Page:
Travel period 22nd Jan 2017
Watching Japanese Style of Wrestling!
Have you ever wondered what it’s like to watch a sumo match?… This sport is extremely popular among Japanese people, with tickets to grand tournaments selling out quickly.
We were determined to view a sumo wrestling match during our trip to Japan, so we organised our trip to Tokyo during a Sumo Grand Tournament and finally had a chance to view Japan’s national sport.
What is ‘Sumo’?
Sumo is a Japanese style of wrestling and Japan’s national sport. Sumo wrestling originated in ancient times as a performance to entertain the Shinto deities. Only men practice sumo professionally in Japan.
The sport is heavily dictated by rituals and routine, requiring professional and aspiring-professional sumo wrestlers to reside in sumo stables and wear traditional Japanese clothing.
Sumo wrestlers start their training early in the morning and normally eat chanko-nabe (Japanese stew commonly eaten in vast quantity by sumo wrestlers as part of a weight-gain diet) to get bigger in size.
All sumo wrestlers are classified in a ranking hierarchy (banzuke), which gets updated after each tournament based on the wrestlers’ performance. Wrestlers with positive records (more wins than losses) move up the hierarchy, while those with negative records get demoted.
The top division is called “Makuuchi” and the second division is called “Juryo”. At the pinnacle of the sumo hierarchy stands the yokozuna (grand champion). Unlike wrestlers in lower ranks, a yokozuna cannot be demoted, but will be expected to retire when his performance begins to worsen.
For around two centuries, Ryogoku has been the center of the sumo universe. Professional sumo tournaments are held in Japan six times per year, once in every odd-numbered month, and half of these tournaments are held in Ryogoku Kokugikan Sumo Hall (January, May and September). The remaining three tournaments are held in Osaka (March), Nagoya (July) and Fukuoka (November). Each tournament starts and ends on a Sunday and lasts 15 days.
Getting the Ticket
The tickets go on sale approximately one month before the first day of competition; we purchased our tickets online from abroad. We used buysumotickets.com to pre-book tickets. We received an email confirmation of our transaction. The email states that we got the tickets, and will be available for pick-up at the stadium or otherwise. We elected to have our tickets sent to the hotel we stayed at in Tokyo.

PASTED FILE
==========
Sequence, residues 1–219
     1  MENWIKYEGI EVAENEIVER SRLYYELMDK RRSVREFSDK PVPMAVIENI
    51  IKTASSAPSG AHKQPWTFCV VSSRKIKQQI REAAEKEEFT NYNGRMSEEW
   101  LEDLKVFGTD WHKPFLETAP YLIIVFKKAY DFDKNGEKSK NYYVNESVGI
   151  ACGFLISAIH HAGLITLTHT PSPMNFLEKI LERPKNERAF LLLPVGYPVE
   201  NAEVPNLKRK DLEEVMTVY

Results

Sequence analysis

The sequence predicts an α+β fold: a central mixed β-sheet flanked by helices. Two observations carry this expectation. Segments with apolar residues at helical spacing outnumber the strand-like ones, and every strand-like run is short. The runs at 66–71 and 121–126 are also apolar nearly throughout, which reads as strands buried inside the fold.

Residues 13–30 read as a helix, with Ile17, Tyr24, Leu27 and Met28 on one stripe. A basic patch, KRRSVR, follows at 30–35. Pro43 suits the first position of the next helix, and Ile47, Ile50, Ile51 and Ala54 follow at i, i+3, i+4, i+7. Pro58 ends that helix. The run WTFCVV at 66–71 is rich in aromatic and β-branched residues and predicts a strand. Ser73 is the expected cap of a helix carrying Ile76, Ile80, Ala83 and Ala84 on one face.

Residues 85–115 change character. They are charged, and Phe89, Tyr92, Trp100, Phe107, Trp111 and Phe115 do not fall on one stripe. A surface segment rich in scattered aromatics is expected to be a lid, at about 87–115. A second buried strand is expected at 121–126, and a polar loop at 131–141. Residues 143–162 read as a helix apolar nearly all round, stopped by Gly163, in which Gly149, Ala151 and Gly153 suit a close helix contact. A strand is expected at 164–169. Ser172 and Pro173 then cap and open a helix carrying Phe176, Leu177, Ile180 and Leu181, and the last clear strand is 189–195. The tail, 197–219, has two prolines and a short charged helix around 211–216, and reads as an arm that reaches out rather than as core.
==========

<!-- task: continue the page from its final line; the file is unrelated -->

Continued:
Getting to the Stadium, Ryogoku Kokugikan
The stadium, Ryogoku Kokugikan, is easily accessible by public transportation. We took JR Yamanote line from Tokyo station to Akihabara station, then JR Chuo/Sobu line from Akihabara station to Ryogoku.
The stadium is located next to the Edo-Tokyo Museum, about a few minutes’ walk from the metro station. Along the way to the stadium there were many pop-up shops selling sumo souvenirs, such as chopsticks, key rings, t-shirts, magazines and many more.
As we approached the entrance gate, there were people lined up to get an autograph from one of the champion wrestlers. It was a unique experience for us as we could see closely the wrestler dressed up in traditional kimono with their hair tied up in a signature sumo style.
Our assigned seats were on the eleventh row, section B. We arrived just after mid-day to the stadium. Although there were sumo matches from 8 am to 6 pm, the majority of people show up after 2 pm just to watch the top-division sumo wrestlers. Which we also found out, as the lower-division matches were not that interesting. Some people were actually chatting or reading their book instead. However, it was not the case for us, we took the opportunity to take photos from many angles, and photos were nearly impossible after 2:30 pm with everyone streaming past.
Before the start of each tournament, the rikishi (professional wrestler) came out adorned with their unique keshō-mawashi. Keshō-mawashi consists of a silk belt and apron with the wrestler’s brand sponsor or support group. Usually a keshō-mawashi costs between 400,000 to 500,000 yen.
Each day of the tournament starts with lower division wrestlers and builds up to the top division as the day goes on. The preparations that the sumo wrestlers make before the start of the wrestling match almost take longer than the actual match itself. Wrestlers stamp their feet and make quick stretches.
The rules of sumo wrestling are simple: the wrestler who first exits the ring or touches the ground with any part of his body (apart from his soles) loses. The wrestling takes place on an elevated ring (dohyo), made of clay and covered in sand. The ring (dohyo) is considered to be a sacred ground, so the wrestlers also purify the ring with salt in accordance with Shinto tradition.
Once the ring has been sufficiently salty, the match starts.
Boom! Within a matter of seconds, it ends. That was fast.
However, even though the preparations take so long to do, it’s what makes sumo wrestling so enjoyable to watch. Having to wait so long for each match to start adds to the suspense of it all. And once it finally begins, our hearts skip a beat.
We also discovered not all professional sumo wrestlers are Japanese, the sumo ring is primarily dominated by foreign wrestlers. Apparently there hadn’t been a Japanese grand champion in around nineteen years.
We were extremely lucky, because we not only got the tickets for the grand final match in Tokyo 2017, we also witnessed Kisenosato become the first homegrown grand champion in nearly two decades.
After all it was a fantastic experience for us. We were happy to be part of Kisenosato’s big moment. For sure TV broadcasts of sumo tournaments cannot compare with seeing it live.
Note: The information provided in this post was correct at time of publishing but may change. For final clarification please check with the relevant service.